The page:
The science mission began roughly 90 days after the spacecraft was captured into orbit about Mars. The primary science phase lasted for 917 Earth days. The science orbit inclination is 93.1 degrees, which results in a nearly Sun-synchronous orbit. The orbit period is just under two hours. Successive ground tracks are separated in longitude by approximately 29.5 degrees and the entire ground track nearly repeats every two sols, or martian days.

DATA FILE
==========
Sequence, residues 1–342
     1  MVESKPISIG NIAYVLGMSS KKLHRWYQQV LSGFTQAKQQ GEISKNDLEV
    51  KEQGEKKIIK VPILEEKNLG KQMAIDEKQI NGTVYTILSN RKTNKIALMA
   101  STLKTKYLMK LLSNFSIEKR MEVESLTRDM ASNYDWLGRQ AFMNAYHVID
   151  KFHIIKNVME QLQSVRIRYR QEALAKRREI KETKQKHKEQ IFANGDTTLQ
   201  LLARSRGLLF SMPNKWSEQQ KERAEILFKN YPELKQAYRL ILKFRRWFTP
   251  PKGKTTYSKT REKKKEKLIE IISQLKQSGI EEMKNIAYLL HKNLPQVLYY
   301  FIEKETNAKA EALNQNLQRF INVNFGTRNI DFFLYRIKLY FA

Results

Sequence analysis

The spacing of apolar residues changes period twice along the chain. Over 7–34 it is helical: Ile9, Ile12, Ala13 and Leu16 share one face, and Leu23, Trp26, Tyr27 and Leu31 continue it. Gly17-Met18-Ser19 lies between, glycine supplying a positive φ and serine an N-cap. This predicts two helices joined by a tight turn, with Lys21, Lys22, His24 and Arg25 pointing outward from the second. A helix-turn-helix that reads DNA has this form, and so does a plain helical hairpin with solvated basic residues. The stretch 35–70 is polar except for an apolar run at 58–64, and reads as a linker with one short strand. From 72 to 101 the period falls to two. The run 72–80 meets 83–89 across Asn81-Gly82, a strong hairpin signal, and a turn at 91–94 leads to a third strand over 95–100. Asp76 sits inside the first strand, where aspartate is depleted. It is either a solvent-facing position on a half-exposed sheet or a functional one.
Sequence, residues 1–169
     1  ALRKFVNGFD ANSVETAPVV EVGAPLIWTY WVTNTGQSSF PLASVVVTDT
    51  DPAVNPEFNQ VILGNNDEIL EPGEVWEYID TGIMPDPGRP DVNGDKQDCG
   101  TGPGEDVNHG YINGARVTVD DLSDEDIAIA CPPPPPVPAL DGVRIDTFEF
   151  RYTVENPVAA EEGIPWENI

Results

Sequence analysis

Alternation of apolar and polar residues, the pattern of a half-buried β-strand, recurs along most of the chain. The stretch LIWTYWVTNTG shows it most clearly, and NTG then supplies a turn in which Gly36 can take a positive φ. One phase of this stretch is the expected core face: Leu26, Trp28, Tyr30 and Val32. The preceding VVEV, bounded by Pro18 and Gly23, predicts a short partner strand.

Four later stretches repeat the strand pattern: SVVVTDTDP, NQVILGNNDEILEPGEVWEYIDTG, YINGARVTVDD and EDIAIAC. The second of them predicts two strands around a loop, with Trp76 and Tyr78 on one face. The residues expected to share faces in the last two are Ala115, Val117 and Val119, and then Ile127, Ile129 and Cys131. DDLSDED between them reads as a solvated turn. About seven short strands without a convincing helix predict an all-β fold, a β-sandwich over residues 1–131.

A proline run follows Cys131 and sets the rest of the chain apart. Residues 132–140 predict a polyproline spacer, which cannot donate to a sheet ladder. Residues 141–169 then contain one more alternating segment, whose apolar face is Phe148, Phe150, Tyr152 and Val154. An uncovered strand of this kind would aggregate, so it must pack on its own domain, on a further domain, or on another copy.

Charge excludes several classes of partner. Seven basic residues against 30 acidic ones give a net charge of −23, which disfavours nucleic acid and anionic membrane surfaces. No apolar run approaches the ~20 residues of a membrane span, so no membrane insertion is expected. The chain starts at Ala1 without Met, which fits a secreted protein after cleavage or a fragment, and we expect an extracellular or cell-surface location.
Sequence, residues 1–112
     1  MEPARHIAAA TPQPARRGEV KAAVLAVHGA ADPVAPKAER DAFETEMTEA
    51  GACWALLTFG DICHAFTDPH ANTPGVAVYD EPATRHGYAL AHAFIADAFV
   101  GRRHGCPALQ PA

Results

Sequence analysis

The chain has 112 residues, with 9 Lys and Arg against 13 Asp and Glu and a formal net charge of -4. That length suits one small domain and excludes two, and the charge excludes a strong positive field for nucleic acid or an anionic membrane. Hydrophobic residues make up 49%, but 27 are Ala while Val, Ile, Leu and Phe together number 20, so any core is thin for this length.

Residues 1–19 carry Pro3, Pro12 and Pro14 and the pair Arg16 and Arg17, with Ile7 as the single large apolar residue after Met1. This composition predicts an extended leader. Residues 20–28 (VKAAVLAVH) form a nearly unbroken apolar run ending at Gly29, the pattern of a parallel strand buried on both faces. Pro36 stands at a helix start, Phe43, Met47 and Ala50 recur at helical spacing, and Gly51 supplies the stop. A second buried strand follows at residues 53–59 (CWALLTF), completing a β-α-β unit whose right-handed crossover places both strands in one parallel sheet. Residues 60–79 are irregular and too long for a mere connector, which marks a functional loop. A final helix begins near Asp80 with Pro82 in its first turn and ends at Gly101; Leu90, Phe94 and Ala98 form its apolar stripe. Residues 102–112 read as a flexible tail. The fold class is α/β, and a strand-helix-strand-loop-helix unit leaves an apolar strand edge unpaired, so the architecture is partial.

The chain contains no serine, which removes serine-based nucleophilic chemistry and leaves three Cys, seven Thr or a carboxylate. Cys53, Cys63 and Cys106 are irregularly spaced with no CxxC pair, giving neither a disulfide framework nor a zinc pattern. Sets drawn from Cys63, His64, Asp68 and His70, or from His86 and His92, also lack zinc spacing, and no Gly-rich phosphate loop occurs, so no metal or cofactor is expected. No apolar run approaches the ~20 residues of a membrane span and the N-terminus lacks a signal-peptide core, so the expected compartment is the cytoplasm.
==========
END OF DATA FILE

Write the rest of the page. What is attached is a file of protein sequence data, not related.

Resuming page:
During the science phase and extended mission, the thermal emission imaging system takes multi-spectral thermal-infrared images to make global maps of the minerals on the martian surface, and also acquires visible images with a resolution of about 18 meters (59 feet). The gamma ray spectrometer takes global measurements during all martian seasons. The Mars Radiation Environment Experiment collected data on the planet's radiation environment.